If you minister out of who you are, then your identity will determine what you see in terms of your impact. How would your perspective on God and yourself be transformed if you fully understood that He is already completely pleased with You? There’s a reason the devil confronted Jesus three times saying “If you are the Son of God…”, shortly after God himself spoke from Heaven: “This is my beloved Son, in whom I’m well pleased.”

He knew, if Jesus got that ‘sonship-thing’ nailed, he’d have access to all of his Father’s resources and become unstoppable. The same is true for us: our identity as children of God needs to becoming the overarching reality for all that I am and seek to do. (I’m using Sonship here recognising the Greek for adoption to sonship is a legal term referring to the full legal standing of an adopted male heir in Roman culture. It’s an inclusive sonship recognising both male and female, sons and daughters are fully included in this heritage as children of our Heavenly Father.)

  • We need to create a culture to live in that encourages and welcomes the King and His Kingdom.

At Bethel they call it a culture of honour; it’s what they believe has sustained the ‘move of God’ in that place for at last the past 10 years. This for me is what marks them out. In my life it’s so easy for me to lose my passion, my hope, and my faith for the coming Kingdom to invade and impact the earth I’m living in right now. I know the Bible teaches that the kingdom of God is here and now but it is also not yet and still to come. It’s a tension we live in, but surely this doesn’t mean we settle for ‘charismatic lite” where we sing the modern songs, sometime lift our hands in worship, even pray for the sick every now and then, especially when someone is seriously ill. What I am seeking is within our gatherings as church, and especially on Sunday mornings, we see the glory of God fall on us and for the Holy Spirit to do what he always does: point us to Jesus, convict us of sin, give us power to witness, make us more like Jesus in our character and give us His gifts of the Spirit so we become more competent at doing the things that Jesus did.

This is the journey of discipleship I am on, learning to be like Jesus and learning to do what Jesus could do, and as I develop these three areas in my life, in the words of  Psalm 27:13 “I remain confident of this: I will see the goodness of the Lord in the land of the living.”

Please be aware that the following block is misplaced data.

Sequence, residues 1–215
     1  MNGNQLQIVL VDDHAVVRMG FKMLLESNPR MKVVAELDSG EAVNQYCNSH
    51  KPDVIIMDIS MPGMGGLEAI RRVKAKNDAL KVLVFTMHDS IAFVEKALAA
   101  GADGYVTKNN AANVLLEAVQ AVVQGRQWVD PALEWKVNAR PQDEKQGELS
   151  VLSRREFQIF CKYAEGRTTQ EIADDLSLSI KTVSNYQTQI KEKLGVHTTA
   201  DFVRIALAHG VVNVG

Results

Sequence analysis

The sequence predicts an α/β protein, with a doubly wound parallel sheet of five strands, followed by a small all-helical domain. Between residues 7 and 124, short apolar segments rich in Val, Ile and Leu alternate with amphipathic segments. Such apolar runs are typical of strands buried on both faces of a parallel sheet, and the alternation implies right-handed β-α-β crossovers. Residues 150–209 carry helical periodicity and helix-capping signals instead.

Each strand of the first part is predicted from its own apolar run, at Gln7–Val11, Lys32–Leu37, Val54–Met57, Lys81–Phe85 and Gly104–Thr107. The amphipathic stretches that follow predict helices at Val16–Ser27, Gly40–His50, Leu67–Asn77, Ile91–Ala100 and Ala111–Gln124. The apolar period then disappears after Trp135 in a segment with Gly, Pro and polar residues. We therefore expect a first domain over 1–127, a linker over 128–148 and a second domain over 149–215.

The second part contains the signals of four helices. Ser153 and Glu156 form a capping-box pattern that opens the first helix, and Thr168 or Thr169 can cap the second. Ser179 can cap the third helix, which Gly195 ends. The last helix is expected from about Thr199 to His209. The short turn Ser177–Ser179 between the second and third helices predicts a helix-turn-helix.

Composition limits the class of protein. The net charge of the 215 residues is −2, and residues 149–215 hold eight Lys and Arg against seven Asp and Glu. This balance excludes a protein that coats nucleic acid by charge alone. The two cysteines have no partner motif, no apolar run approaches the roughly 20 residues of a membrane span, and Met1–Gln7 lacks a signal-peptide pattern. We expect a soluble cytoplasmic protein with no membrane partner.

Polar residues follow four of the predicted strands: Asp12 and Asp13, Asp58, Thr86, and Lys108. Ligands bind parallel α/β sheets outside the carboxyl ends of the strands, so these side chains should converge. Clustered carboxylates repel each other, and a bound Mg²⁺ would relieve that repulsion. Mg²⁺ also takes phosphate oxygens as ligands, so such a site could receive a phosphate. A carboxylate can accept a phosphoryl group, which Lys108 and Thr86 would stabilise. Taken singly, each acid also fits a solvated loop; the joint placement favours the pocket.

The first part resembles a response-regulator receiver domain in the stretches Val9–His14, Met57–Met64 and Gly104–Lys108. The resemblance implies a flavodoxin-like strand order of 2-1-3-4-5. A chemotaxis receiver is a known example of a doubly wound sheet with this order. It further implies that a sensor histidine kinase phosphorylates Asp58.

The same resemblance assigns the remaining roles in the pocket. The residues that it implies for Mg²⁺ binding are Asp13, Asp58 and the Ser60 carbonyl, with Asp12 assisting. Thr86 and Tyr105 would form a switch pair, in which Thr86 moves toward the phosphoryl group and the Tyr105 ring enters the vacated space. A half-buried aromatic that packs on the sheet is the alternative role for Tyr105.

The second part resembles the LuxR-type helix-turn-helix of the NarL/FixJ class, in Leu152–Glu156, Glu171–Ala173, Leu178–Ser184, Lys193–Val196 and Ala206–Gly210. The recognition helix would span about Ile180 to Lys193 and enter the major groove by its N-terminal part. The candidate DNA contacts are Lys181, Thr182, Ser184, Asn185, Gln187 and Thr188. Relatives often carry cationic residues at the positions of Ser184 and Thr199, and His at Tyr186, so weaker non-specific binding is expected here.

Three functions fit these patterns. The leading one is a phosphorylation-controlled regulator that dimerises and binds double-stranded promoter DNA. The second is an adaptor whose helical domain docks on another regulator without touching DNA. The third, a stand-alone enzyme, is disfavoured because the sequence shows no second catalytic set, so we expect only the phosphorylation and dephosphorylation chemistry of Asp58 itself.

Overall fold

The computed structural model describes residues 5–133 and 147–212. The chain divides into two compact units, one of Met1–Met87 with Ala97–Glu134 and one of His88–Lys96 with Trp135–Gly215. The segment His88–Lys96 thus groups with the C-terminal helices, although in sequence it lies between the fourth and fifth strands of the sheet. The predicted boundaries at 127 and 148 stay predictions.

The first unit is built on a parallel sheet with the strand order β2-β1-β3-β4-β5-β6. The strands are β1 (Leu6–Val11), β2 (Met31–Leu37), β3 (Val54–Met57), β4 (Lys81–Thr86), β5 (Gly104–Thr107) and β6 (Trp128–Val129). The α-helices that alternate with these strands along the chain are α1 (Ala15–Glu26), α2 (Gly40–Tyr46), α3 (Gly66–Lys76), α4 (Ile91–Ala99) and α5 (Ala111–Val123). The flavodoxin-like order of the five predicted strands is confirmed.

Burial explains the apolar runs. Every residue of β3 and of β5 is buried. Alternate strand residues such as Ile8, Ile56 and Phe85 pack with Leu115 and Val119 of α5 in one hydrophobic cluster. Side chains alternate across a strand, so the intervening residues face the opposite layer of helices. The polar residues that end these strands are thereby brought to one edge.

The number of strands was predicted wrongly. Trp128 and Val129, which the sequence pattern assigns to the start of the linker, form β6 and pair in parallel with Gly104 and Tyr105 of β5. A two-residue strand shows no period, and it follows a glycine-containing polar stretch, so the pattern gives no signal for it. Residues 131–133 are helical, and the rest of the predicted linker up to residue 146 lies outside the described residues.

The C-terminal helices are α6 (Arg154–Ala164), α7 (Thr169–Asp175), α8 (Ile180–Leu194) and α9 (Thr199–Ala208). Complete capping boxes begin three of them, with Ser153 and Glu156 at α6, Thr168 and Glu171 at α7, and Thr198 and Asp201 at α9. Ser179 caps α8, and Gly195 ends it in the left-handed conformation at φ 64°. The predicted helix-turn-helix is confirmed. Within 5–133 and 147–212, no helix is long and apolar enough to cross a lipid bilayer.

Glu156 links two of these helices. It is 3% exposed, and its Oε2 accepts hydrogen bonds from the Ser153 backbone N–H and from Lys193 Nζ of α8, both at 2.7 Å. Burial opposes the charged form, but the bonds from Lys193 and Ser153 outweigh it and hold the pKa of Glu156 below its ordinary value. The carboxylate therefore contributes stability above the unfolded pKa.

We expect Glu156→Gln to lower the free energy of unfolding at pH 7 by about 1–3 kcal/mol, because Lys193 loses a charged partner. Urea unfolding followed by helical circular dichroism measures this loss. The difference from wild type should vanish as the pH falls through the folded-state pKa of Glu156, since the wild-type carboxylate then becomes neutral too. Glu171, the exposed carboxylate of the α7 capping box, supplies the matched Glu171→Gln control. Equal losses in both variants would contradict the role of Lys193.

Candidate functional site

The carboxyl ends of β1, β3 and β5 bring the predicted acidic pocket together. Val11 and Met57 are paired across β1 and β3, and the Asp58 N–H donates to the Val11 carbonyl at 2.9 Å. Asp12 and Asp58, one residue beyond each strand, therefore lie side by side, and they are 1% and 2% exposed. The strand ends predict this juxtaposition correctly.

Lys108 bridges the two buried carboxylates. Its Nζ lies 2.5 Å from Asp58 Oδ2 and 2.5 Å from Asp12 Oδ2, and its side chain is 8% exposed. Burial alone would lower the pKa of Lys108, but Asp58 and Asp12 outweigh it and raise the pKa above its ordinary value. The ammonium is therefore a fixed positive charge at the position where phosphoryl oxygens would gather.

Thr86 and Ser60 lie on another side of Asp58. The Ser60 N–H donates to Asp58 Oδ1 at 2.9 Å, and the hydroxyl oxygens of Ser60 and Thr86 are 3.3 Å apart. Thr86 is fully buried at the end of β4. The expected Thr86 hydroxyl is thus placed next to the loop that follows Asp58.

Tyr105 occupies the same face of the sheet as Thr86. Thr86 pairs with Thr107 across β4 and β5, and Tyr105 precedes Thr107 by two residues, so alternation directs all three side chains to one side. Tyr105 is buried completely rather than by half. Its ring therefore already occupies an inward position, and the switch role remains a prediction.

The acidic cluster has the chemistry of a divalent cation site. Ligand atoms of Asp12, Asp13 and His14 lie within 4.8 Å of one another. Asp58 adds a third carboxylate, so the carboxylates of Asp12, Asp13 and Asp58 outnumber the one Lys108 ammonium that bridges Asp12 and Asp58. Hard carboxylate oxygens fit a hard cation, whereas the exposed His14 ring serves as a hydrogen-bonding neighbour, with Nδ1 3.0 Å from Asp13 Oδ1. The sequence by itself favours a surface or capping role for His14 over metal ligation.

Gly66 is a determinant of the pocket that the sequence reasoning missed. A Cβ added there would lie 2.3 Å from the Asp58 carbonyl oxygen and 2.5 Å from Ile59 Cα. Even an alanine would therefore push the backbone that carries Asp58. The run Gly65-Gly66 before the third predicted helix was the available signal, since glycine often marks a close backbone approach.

Further reflections

It’s now just over four weeks since Sue and I returned from our visit to Bethel Church in Redding California, I have continued to reflect on and process some of the things we saw and experienced during this trip.

I would like to add another three areas to explore which I believe could begin to address this discrepancy:

  • The whole of the church is in the Kingdom but not all of the Kingdom is in the church

One of Bill Johnson’s books is called Heaven Invading Earth; this book is a powerful statement and testimony on the Kingdom of God. Theologically sound, well supported, and extremely well argued, this message provides a carefully constructed biblical foundation for the Christian to live and walk in the full reality of the Kingdom.

My own focus for over ten years has been how to seek and advance the Kingdom over and above the growth of my own church. The phrase I have been living with is ‘touching heaven and changing earth’. It’s the outworking of answered prayer “your Kingdom come, your will be done; on earth as it is in heaven”, it’s more than signs and wonders but must include the supernatural dimension; it’s about transformation within all sectors of society and an approach to discipleship that sees much more than what goes on within the walls of a particular local church. I saw all of this at Bethel and it’s what I seek to see more of here in Chester.

  • The power of the Story…

At Bethel they love to tell stories of what God has done and is doing amongst them and through them. These stories inspire and generate faith. Revelation 19:10 “the testimony of Jesus is the spirit of prophecy” is a key verse. As we hear what God is doing or has done this releases faith to believe that he can do something similar in and through me.